As I pulled into the parking lot along the busy Berlin Turnpike, Calvin said, “didn’t we just go here?” Chuckling, I replied, “Sorta. But that was a different diner on the same road that serves the same food.”
Calvin knows by now that I bring him to repetitive museums and to hike trails that seem like lots of other trails he’s hiked. So he was cool with this diner being very similar to the last diner – especially if that meant he got to eat the same meal for lunch again: chocolate chip pancakes.
The other diner he referenced was the Olympia Diner a couple miles south in Newington. While the Olympia allows for many more patrons, the bones of both places are the same. Both of them were crafted by the Jerry O’Mahony Diner Company who was said to have produced 2,000 diners from 1917 to 1941. These roadside diners were primarily metal buildings, prefabricated in a factory, and trucked to the location.
The Makris has stayed truer to its roots, with no fancy dining room additions. Keeping it classic – I like that. We took a seat in a booth and I immediately noticed the tabletop jukebox thing was trolling:
Yes, yes… Only God Knows Why Kid Rock, who is American and Bad, has had a career in music. Since Calvin already knew what he was having, I decided to replicate my Olympia meal as well. We both delighted in this bit of silliness and our server took our order to the kitchen. She was very friendly and seemed to have that innate quality of knowing how much banter different customers wanted to engage in. This is a quality I very much appreciate, so props to her for not hassling us.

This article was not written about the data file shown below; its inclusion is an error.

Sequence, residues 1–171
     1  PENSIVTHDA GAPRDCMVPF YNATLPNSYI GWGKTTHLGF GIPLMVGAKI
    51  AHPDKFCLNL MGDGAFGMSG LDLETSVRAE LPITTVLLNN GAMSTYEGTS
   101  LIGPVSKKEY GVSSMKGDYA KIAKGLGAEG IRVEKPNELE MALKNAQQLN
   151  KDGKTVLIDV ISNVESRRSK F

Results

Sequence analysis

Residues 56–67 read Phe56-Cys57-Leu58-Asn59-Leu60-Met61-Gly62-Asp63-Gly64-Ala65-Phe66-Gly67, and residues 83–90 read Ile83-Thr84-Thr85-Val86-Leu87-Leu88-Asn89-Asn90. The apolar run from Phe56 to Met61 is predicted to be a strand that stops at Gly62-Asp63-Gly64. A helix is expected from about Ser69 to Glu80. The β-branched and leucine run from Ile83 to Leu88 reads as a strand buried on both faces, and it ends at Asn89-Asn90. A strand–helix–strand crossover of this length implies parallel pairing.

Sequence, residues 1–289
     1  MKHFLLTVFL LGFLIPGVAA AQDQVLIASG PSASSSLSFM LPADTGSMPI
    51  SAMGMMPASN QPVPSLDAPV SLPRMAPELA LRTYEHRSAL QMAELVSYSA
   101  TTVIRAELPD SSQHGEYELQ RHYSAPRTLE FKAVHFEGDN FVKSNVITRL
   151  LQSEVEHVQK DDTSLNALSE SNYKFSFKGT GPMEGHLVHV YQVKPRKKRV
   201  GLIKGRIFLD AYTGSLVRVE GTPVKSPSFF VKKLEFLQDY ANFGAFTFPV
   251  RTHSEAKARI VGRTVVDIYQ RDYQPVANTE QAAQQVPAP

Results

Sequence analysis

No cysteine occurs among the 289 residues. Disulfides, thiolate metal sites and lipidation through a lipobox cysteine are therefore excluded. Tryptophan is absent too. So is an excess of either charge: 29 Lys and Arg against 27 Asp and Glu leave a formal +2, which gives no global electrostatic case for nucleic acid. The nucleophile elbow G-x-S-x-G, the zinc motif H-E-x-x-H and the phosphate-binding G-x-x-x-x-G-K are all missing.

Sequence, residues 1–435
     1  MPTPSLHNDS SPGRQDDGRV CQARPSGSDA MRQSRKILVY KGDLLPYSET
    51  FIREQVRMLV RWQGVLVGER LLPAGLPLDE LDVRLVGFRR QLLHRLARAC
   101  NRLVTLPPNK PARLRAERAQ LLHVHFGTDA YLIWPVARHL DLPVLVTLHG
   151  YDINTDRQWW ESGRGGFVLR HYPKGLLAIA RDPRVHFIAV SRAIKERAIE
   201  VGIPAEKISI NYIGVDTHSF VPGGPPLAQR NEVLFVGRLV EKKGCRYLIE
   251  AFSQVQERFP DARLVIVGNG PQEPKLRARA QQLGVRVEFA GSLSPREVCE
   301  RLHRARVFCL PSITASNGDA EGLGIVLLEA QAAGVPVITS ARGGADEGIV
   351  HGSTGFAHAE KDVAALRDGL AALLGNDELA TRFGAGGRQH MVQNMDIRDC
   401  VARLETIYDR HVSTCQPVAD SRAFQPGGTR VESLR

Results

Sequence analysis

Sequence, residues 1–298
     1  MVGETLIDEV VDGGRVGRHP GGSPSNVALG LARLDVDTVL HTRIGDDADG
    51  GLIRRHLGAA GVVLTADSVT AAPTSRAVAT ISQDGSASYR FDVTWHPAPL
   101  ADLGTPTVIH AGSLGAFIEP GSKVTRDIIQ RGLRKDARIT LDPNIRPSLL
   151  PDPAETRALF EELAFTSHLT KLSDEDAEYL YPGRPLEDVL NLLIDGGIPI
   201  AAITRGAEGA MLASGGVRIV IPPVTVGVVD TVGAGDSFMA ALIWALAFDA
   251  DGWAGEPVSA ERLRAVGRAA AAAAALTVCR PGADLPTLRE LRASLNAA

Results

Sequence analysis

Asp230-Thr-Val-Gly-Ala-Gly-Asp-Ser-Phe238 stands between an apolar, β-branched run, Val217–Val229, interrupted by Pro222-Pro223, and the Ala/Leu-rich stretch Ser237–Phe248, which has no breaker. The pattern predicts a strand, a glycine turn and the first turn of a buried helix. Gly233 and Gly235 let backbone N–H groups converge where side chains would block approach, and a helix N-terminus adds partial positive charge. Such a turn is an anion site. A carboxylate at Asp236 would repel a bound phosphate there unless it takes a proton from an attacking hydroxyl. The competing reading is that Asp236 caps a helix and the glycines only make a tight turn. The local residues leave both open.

Welcome to Makris Diner; we hope you will enjoy the visit. Our goal is for you to feel at home in our clean and comfortable atmosphere. You can rely on our friendly wait staff to pour a great cup of coffee or drink of your choice to accompany a variety of delicious meals.
As you walk in you may notice that this diner is a classic one designed by Jerry O’Mahony in 1951. Then you may notice the smiling faces and relaxing atmosphere as you choose a seat of you liking. Finally we hope you enjoy the meal experience.
See what I mean? Straight and the to point, typo and all. But there are things that sets the Makris apart from The Olympia and most other Greek diners:
Our menu includes classic breakfast and lunch fare; it also includes a small polish menu. We are open from 6 am until 3 pm every day of the year except Thanksgiving, Christmas, & Easter.
Polish? And closes at 3? Hm. I wouldn’t have expected either.
Our meals arrived quickly and now it was time to put the Makris to the test. I’ll go first with my “Ragin Cajun” omelette. Stuffed with Makris’s jambalaya sauce, I was comparing it to the Olympia’s “Cajun Touch” omelette. It was 15 cents more at the Makris and… it was worth the 15 extra cents.
Definitely 15 cents-worth more flavor here, that’s for sure. Also, the home fries were very good and not too heavy and greasy. Let’s see how Calvin is doing…
The boy loves his chocolate chip pancakes. I asked him how they compared to the ones he’d eaten so recently down the road, and… with drama and flair he paused, chewed some, looked skyward with a pensive finger on his temple and declared…
“They’re the same.”
So diplomatic, my son. He proceeded to polish of the – HOW DOES HE EAT THESE MASSIVE PANCAKE MEALS? – plate and told the server that they were delicious.
I realize it’s a bit ridiculous for me to even write about diners as I’m hardly a food critic of any import. And it’s all the more ridiculous when my son and I order the same exact darn thing at these places that were built by the same company and are located along the same stretch of the same road.
But hey, that’s what I do. I think our Makris meal wound up being a smidge more expensive than the Olympia meal, but not by any noticeable amount. Both are fine examples for their genre, but I’m going to give the nod to the Makris, even though it’s smaller, it also has a more authentic feel to it.
And for some reason, that matters to me.